Originally Posted by Tradd
It's a combination of a lot of factors, but I think a lot of it has to do with personal choices - and some people tending to be short-sighted.
For example, a pricey private college is probably not needed in most cases, unless you're into law, medicine, engineering. Choosing an expensive private college if you're going to be a teacher, for example, is not a good choice. You come out with your undergrad degree with a huge debt load, in a field where you're not going to make a ton. Yes, you'd probably still have student loans, but if you went to a state school, even a "second-tier" one, your debt would be much lower. That huge student loan debt load plays into the picture later when you want to be a SAHM and you can't, because you've got all of this debt.
A lot of young couples want everything NOW - the nice house with the nice furniture, two new cars, etc. - the same standard of living level that their parents had when the young person left home to go to college/get married. They seem to forget that it took their parents YEARS to get to that standard of living. They forget the earlier years when maybe there was hand-me-down old furniture and all cars were bought used, there were less extras, etc.
A lot of the stuff people "have to have" are luxury items. I'm not talking internet access, which many need for work/school at home. But things like expensive flat-screen TVs, huge cable/satellite packages that are $100/month, vehicles with payments over $400 a month, iPhones, the latest in video games, eating out all the time.
If people could get their "needs vs. wants" calculators adjusted, they would stand a much better chance of being able to get by on one income, or maybe 1.25-1.5, saving the rest of the second income - if one partner wants to work rather than staying home.
I've also seen a lot of young folks who are spendthrifts, running up as much credit card debt as the card issuers will allow. When you enter a marriage with $10K-$15K in credit card debt, then throw $50K in student loans on top of that - for EACH half of a couple, you've got some major issues right there.
I think you make a lot of valid points. I think choice certainly does play a large role.
I hear these examples a lot, especially in this forum, of the role choice played in finances - accumulating debt, carrying credit card debt, and not being able to differentiate well between wants and needs.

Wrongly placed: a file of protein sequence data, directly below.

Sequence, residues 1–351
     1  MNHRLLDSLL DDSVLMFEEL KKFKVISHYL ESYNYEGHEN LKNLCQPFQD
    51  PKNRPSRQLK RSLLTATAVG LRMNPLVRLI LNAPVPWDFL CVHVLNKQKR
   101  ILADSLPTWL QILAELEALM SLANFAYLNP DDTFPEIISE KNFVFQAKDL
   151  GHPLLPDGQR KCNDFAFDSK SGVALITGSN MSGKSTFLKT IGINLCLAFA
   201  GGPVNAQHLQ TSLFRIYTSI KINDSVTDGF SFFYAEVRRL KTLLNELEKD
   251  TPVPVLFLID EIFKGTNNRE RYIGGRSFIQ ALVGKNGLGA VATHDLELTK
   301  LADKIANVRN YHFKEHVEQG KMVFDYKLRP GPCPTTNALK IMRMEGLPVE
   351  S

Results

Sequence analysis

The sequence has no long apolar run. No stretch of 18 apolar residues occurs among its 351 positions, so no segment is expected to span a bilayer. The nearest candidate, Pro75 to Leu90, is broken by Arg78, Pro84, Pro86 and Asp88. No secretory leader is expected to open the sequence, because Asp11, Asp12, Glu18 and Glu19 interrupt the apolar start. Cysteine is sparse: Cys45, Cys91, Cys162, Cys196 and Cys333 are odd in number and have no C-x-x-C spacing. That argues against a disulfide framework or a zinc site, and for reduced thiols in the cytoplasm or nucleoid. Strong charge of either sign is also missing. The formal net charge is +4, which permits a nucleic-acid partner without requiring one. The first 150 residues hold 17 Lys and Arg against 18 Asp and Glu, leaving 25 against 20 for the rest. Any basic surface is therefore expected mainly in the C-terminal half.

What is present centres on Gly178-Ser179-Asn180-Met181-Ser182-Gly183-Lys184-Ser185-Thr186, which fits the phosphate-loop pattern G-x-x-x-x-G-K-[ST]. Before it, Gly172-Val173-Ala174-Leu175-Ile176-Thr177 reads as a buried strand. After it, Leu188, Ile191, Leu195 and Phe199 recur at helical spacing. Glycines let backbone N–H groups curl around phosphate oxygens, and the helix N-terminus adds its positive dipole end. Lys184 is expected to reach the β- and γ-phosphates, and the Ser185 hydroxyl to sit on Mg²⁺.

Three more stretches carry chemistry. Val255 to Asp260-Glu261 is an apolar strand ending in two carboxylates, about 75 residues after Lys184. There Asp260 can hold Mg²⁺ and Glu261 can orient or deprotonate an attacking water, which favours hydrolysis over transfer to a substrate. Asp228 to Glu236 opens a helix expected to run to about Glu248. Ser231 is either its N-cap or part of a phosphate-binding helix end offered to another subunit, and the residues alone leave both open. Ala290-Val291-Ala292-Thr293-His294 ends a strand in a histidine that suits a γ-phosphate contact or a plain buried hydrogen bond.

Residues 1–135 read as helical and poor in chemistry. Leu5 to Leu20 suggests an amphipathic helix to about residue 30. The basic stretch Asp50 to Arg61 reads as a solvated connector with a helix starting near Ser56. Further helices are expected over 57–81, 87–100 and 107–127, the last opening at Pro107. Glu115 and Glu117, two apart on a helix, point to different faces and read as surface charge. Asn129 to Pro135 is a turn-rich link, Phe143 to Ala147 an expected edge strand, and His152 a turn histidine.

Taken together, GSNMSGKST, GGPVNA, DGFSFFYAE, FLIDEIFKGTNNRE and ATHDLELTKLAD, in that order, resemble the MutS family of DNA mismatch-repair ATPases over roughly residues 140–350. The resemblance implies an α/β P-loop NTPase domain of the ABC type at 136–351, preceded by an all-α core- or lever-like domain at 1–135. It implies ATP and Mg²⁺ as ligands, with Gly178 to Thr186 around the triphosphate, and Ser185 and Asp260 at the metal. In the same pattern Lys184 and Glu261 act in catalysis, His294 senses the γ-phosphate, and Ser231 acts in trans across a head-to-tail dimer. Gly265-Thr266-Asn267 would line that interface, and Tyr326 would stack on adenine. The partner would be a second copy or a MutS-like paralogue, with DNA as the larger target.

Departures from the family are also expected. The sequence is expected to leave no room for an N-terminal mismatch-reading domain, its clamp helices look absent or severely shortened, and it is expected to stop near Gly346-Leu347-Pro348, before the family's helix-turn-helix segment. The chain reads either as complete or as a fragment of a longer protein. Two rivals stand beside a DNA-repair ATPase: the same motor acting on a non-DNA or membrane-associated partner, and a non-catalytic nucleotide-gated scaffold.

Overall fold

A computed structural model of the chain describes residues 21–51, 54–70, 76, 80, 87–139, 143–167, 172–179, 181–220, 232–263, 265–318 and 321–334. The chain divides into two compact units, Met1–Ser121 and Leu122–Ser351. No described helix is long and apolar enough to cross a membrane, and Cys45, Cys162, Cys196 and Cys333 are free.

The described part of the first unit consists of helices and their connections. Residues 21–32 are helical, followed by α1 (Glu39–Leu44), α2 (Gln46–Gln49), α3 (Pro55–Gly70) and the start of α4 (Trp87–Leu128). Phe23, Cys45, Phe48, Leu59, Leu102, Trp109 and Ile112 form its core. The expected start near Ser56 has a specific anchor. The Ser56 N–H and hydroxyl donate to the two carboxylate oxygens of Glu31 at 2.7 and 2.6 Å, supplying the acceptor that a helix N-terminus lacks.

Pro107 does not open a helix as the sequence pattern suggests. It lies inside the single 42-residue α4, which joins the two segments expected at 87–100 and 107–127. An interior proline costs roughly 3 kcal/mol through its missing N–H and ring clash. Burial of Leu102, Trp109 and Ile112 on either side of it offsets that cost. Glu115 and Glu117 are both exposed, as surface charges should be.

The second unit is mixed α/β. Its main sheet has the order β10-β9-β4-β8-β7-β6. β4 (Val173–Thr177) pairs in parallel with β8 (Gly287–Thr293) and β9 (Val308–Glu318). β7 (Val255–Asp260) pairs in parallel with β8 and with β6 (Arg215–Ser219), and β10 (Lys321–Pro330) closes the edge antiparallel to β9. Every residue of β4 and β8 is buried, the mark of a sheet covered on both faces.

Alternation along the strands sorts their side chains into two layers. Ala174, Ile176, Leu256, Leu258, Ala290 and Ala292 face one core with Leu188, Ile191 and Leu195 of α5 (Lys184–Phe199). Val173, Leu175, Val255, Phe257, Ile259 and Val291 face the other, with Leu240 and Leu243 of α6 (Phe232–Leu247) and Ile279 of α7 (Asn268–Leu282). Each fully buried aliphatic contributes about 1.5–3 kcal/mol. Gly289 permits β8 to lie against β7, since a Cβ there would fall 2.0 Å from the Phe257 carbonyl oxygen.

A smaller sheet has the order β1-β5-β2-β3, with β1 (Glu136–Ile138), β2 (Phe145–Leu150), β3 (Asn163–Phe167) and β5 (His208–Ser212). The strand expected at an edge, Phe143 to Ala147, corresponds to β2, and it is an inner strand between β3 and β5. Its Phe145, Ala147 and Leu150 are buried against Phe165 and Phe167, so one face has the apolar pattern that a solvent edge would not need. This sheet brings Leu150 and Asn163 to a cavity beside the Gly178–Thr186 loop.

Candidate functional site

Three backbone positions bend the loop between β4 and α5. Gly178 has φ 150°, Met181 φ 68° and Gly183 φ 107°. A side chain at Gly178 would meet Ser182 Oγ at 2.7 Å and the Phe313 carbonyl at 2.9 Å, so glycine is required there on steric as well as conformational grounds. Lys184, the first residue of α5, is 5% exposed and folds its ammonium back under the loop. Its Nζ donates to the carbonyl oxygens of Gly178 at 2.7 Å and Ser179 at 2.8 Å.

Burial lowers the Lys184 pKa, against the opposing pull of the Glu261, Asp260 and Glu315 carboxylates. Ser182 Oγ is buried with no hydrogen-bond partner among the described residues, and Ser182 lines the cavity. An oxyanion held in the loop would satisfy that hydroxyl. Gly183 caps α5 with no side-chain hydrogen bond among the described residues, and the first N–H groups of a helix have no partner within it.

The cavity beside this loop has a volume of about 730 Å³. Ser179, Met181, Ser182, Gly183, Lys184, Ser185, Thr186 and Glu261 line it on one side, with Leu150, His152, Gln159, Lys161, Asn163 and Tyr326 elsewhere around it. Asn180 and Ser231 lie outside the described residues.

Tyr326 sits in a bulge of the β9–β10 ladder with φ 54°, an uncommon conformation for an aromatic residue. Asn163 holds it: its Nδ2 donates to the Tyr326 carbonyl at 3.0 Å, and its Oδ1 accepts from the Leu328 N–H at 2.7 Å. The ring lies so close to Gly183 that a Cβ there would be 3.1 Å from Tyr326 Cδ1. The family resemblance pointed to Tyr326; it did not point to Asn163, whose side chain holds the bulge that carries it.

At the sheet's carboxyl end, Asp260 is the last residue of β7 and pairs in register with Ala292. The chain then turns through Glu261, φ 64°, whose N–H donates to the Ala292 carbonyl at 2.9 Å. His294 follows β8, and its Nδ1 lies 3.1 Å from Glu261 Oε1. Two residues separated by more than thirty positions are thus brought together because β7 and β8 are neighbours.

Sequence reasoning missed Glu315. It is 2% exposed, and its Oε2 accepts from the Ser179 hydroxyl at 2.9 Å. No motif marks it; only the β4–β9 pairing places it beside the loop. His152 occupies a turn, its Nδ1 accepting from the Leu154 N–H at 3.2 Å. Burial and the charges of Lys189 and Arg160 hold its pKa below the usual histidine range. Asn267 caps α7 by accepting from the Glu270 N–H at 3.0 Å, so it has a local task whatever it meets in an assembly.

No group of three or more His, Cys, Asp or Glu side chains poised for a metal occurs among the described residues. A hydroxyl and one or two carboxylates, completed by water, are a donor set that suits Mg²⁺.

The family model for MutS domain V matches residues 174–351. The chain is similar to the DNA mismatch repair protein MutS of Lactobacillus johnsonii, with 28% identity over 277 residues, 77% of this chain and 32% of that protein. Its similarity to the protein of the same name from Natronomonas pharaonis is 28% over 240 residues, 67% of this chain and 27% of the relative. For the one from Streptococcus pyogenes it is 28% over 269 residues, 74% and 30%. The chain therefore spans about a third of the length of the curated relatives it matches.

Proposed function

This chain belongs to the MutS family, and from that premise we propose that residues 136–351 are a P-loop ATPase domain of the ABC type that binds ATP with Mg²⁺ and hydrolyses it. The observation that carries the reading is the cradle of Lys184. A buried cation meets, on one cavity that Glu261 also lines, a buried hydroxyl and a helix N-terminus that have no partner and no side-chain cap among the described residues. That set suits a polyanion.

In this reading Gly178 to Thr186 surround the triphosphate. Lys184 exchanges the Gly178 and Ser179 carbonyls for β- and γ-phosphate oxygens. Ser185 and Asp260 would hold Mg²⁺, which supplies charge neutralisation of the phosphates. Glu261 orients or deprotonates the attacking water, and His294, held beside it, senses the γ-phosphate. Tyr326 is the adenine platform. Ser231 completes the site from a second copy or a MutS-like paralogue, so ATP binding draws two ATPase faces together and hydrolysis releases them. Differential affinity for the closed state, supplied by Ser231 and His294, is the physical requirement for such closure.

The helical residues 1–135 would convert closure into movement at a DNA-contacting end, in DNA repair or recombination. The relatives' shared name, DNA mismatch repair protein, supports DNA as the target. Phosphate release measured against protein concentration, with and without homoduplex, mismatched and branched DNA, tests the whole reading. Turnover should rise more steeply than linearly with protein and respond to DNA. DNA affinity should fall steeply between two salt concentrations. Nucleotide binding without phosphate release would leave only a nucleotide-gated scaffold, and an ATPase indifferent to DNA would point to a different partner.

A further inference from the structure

I guess I'm always a bit stunned...like, is this real? Is it an accurate picture?
For instance, with the student loan example, I went to an affordable school (but still a pretty well rated one) AND I had a pretty decent amount of scholarships. It wasn't a private college but I still ended up with significant student loan debt because I paid for 100% of everything myself. I've just about paid all that student loan debt off, and it's taken me years of being dilligent about it.
I was pretty selective about what major I chose, with an eye for career use and being able to support myself, but also making a good contribution to the world.
I just know that without the degree, I would not be in good financial shape so that student loan debt was a blessing in every way!
It did delay when I had children, for sure, and it was a small factor in whether I could stay at home or not, but mostly it was other economic forces that determined that one for me.
For what it's worth, I've always been frugal and lived within my/our means. I save and have a retirement nest egg. No vacations, luxury things, etc. Never had an ounce of credit card debt.
It's really the cost of living, and the stability that also comes with having an income and career of my own that I can rely on, that makes it impossible for us to live permanently on one income.
Cost of living is the number one factor, though.
I was lucky enough and frugal enough to be able to save up a bit and be a stay at home parent in the early years, and that is a blessing. I plan to return to work sooner rather than later, though. The ability for us to live on one income in a permanent arrangement is simply out of the question.
And we're two college educated, good income, frugal, wise money managers.
It really comes down to cost of living in the area you live for a lot of people.